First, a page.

Boyhood is fast becoming one of the most celebrated films of 2014. Written and directed by the masterful Richard Linklater, and filmed over the course of 12 years, on viewing it is easy to see why. What Linklater has achieved with Boyhood is storytelling at its most honest and pure.
Throughout the film we follow the character of Mason, played by the wonderfully understated Ellar Coltrane, as he transitions from child to adult, literally and figuratively. Linklater’s choice to keep his narrative simple, which some may argue is occasionally slow, instead of punctuating Mason’s life with overtly forced dramatics, results in an end product that is beautifully normal. The passage of time and the milestones that are marked are universally recognisable, and when packaged and punctuated by such a sharp film-makers eye the pathos is resounding. To see the entire cast age naturally without the contrived hand of make-up and prosthetics adds a unique dimension to the already wonderful performances from the cast.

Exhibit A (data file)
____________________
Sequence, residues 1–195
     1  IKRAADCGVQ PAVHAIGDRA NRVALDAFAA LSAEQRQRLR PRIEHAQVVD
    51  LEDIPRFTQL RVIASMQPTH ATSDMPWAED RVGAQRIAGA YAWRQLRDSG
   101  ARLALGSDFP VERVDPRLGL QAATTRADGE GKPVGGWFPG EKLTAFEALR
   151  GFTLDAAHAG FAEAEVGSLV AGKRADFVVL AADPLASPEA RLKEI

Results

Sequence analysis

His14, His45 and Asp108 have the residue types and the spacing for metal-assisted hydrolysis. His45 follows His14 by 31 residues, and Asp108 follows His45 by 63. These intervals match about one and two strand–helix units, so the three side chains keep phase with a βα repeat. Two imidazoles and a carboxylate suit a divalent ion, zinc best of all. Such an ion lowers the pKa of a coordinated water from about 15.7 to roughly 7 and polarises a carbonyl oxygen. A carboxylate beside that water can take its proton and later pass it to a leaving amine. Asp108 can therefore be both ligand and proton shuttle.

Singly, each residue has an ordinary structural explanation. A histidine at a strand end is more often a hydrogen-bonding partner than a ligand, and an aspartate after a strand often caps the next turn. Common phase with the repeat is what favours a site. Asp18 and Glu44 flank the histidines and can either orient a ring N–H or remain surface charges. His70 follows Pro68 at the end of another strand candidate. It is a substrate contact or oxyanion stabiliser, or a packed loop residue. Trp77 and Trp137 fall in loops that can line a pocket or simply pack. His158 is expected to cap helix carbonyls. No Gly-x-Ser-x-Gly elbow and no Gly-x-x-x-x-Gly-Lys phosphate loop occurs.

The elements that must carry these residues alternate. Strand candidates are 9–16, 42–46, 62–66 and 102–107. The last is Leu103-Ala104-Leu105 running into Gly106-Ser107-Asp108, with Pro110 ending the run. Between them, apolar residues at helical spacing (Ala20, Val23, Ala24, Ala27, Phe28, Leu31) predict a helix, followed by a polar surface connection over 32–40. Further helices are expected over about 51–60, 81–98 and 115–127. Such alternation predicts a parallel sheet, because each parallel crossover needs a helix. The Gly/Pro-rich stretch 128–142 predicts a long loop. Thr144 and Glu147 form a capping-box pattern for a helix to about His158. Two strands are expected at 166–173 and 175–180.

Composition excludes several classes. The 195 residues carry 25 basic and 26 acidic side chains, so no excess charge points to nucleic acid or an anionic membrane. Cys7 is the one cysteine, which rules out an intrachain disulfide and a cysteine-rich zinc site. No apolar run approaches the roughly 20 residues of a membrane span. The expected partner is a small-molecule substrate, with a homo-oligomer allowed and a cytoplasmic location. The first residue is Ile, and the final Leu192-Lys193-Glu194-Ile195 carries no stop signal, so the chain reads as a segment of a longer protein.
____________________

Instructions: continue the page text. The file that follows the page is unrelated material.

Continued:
Boyhood is ultimately an intimate epic about the intricacies of growing up and Linklater should be applauded for the scope, vision and execution of this remarkable piece of film-making.